Article - Unesco World Heritage Sites in Israel 7/2/2017
World Heritage Sites
In 1972, the United Nations Educational, Scientific and Cultural Organization (UNESCO) approved an agreement to protect world heritage sites. The program included rules to assess natural and cultural sites and determine their significance to mankind's common cultural heritage. Every country prepares a list of its sites and once a year the UNESCO World Heritage Center conducts a special meeting to choose which of the nominated sites shall be included in the list of United Nations World Heritage Sites.
In 2000, the agreement was ratified by the government of Israel, and since then a number of Israeli sites have been added to the list: Old City of Acre (2001), Masada (2001), White City of Tel Aviv (2003), Biblical Tels – Megiddo, Hazor, Beer Sheba (2005), Incense Route – Desert Cities in the Negev (Avdat, Mamshit, Haluza and Shivta) (2005), Baha'i Holy Places (2008), Nahal Me'arot Caves (2012), Maresha and Bet-Guvrin Caves (2014), Necropolis of Bet She'arim (2015).
Nahal Me'arot Caves
Four caves are carved into the mountain on the southern slope of Mount Carmel, at the entrance to the Nahal Me'arot Caves. Archeological excavations conducted at the site from 1928 to the present have discovered evidence of human existence near and inside the caves over hundreds of thousands of years. Among the many findings were remnants of houses, various stone tools, jewelry, bones of animals used for food and graves.
Bet She'arim Necropolis
Rabbi Yehudah Hanasi, leader of the Jewish people in the late 2nd century CE, was buried at his behest in the cemetery in the town of Bet She'arim in the western Jezreel Valley. Many others subsequently asked to be buried near the final resting place of the admired leader. Dozens of burial caves were dug into the hillside and on the outskirts of the town. Jews were brought from all over Eretz Israel and even from faraway lands to be buried there. The hundreds of epitaphs found in the caves provide information about the Jewish lifestyle in the 3rd and 4th centuries CE.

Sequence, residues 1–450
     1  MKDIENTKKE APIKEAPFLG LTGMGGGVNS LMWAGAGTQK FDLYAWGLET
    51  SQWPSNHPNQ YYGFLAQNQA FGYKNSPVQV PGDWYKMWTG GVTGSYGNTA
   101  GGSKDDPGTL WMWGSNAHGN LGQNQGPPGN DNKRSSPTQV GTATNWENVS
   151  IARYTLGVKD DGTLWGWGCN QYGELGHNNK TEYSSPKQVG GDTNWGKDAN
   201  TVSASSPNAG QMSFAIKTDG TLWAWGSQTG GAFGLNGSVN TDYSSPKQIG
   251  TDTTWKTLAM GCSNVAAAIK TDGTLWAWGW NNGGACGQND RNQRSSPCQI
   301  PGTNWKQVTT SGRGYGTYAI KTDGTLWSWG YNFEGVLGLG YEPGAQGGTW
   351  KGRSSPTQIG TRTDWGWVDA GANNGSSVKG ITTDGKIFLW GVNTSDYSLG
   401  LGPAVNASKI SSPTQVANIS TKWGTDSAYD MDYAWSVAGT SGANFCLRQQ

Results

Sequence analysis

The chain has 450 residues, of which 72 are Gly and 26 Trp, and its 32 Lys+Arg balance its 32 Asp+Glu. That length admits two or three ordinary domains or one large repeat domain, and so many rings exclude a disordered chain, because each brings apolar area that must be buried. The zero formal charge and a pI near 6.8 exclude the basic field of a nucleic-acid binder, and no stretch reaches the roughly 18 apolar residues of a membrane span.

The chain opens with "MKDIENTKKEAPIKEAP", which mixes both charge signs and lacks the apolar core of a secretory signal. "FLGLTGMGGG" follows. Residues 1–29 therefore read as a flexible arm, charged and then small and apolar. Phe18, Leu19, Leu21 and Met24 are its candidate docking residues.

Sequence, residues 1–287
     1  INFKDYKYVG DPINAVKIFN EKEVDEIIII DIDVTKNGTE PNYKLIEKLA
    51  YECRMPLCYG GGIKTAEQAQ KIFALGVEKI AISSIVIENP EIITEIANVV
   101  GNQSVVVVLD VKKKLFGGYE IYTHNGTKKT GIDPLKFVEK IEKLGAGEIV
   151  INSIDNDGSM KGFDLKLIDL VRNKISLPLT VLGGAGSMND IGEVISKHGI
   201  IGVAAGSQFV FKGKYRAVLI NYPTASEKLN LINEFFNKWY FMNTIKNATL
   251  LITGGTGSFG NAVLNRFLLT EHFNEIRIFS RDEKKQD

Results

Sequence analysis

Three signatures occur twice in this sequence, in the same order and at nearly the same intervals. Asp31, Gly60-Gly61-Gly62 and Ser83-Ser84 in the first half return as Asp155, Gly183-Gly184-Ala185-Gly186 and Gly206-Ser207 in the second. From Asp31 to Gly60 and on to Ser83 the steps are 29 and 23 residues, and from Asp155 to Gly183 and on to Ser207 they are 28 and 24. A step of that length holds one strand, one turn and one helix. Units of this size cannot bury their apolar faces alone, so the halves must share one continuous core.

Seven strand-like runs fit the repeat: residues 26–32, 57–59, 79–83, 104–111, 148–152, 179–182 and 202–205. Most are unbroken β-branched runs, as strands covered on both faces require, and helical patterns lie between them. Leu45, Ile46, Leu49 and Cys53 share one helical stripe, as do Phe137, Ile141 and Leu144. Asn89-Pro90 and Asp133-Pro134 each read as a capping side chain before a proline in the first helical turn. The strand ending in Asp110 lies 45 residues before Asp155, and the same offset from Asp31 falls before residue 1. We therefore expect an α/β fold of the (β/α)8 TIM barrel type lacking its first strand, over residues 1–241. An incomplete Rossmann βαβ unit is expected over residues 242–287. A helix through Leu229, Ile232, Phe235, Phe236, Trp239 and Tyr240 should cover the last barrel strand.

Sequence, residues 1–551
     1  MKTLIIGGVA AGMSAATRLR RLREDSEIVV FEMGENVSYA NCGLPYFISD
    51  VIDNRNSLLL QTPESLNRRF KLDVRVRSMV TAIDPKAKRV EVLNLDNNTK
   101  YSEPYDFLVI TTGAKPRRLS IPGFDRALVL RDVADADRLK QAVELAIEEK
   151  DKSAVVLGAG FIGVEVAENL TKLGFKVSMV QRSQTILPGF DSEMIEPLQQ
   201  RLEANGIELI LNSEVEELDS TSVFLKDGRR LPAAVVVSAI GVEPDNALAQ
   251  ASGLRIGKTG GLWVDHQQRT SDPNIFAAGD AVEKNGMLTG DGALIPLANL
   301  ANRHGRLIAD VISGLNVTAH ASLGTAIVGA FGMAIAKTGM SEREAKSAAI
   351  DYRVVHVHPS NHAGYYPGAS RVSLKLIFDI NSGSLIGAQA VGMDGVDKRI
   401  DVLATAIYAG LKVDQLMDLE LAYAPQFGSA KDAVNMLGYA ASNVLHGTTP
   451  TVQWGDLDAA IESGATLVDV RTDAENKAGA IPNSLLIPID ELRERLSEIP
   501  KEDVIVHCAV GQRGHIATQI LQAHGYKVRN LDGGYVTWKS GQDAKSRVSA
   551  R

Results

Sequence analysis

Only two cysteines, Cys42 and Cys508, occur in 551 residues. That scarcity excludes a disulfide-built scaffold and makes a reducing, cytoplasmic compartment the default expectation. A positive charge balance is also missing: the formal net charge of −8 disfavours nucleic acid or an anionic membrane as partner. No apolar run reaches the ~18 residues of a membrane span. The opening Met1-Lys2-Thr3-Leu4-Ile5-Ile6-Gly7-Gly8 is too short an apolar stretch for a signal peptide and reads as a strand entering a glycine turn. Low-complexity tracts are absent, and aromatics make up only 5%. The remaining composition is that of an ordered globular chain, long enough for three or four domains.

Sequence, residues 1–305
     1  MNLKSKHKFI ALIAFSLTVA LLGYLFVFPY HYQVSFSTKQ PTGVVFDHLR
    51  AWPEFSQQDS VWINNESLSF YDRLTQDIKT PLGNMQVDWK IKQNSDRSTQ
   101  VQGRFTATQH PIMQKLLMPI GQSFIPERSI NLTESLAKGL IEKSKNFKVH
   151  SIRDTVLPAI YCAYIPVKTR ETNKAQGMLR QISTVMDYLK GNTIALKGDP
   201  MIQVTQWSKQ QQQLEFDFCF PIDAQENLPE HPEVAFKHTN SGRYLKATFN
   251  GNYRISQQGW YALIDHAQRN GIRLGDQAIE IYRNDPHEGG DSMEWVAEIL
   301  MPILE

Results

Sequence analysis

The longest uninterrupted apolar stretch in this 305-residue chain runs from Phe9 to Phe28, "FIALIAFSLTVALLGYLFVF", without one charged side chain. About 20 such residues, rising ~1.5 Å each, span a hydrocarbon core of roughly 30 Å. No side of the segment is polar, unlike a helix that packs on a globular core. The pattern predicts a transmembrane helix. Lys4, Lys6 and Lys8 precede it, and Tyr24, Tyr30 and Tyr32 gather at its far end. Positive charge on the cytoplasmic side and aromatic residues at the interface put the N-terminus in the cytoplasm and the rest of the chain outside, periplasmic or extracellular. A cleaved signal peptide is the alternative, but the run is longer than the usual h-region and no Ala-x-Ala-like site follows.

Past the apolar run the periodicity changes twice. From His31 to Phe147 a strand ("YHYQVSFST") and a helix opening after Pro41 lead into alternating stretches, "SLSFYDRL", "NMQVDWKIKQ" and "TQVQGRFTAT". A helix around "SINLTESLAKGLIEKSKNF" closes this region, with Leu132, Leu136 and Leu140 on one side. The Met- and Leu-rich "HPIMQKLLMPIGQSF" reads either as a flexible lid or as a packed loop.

Maresha and Bet-Guvrin Caves
Residents of the city of Maresha, in the southern Judean plain, carved many spaces beneath their homes into the soft chalk bedrock upon which the city was built. These spaces served as water reservoirs, agricultural production facilities, storage rooms, pigeon raising, burial caves and more. After Maresha was destroyed in the 1st century BCE a new city called Bet-Guvrin was constructed nearby. In the Byzantine period, the townspeople carved bricks out of the chalk in deep, bell-shaped caves.
Description of the Stamps
Nahal Me'arot Caves
The view from inside the cave toward the Nahal Me'arot Caves landscape (photo by Ronen Goldberg).
Carved flint hand axe from the Lower Paleolithic period found in the Tabun Cave. (photo: Midad Sokolovski; courtesy of the Israel Antiquities Authority)
Topographic map of Nahal Me'arot Caves (based on an Israel Antiquities Authority map) Bet She'arim Necropolis
Facade of the Sarcophagi Cave, cave number 20 (courtesy of the Nature and Parks Authority, photo: Zvika Zuk)
Plaster relief in the shape of a menorah in the Sarcophagi Cave (photo: Shutterstock)
Partial diagram of the caves (based on a sketch in a Nature and Parks Authority pamphlet) Maresha and Bet-Guvrin Caves
Bell cave in Bet-Guvrin (photo: Shutterstock)
Cave drawing of Cerberus, mythological hound that guards the gates of the underworld, from the Sidon Burial Cave (courtesy of the Nature and Parks Authority, photo: Jonny Limonik)
Partial diagram of the caves in the Maresha and Bet-Guvrin area (based on a sketch in a Nature and Parks Authority pamphlet)